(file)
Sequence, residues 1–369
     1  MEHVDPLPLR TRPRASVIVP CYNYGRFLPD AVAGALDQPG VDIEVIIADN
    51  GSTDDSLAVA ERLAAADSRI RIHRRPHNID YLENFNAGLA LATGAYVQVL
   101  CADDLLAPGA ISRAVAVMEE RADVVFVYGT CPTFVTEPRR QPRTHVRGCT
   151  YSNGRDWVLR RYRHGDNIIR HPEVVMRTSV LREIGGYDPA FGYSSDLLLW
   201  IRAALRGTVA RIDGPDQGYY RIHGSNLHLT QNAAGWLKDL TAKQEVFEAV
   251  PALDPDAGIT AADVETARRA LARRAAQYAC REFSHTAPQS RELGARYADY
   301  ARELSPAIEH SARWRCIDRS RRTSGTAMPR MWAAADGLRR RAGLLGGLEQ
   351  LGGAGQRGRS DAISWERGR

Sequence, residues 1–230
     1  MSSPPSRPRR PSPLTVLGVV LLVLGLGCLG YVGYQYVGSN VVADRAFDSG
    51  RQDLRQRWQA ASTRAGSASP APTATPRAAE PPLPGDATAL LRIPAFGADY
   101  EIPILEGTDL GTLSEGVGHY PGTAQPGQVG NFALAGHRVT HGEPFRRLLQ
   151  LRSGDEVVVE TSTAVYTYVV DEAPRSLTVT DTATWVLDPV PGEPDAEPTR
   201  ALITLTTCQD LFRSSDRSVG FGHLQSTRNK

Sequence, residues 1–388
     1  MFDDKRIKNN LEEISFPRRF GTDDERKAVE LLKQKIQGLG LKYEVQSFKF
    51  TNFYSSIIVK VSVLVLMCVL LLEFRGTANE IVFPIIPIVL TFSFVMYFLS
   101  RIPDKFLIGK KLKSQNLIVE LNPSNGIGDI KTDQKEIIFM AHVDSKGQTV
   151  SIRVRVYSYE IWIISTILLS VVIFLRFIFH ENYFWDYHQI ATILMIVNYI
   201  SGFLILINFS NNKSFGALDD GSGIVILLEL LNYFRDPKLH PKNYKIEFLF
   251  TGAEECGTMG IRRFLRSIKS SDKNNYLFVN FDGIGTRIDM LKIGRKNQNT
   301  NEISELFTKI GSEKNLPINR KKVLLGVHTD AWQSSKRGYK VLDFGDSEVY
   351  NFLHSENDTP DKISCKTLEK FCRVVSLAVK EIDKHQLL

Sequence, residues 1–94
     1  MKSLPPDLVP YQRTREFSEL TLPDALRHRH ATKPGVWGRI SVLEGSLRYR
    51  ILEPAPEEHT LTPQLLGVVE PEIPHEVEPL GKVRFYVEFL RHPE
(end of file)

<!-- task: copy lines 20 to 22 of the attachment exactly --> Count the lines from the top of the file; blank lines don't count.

   151  SIRVRVYSYE IWIISTILLS VVIFLRFIFH ENYFWDYHQI ATILMIVNYI
   201  SGFLILINFS NNKSFGALDD GSGIVILLEL LNYFRDPKLH PKNYKIEFLF
   251  TGAEECGTMG IRRFLRSIKS SDKNNYLFVN FDGIGTRIDM LKIGRKNQNT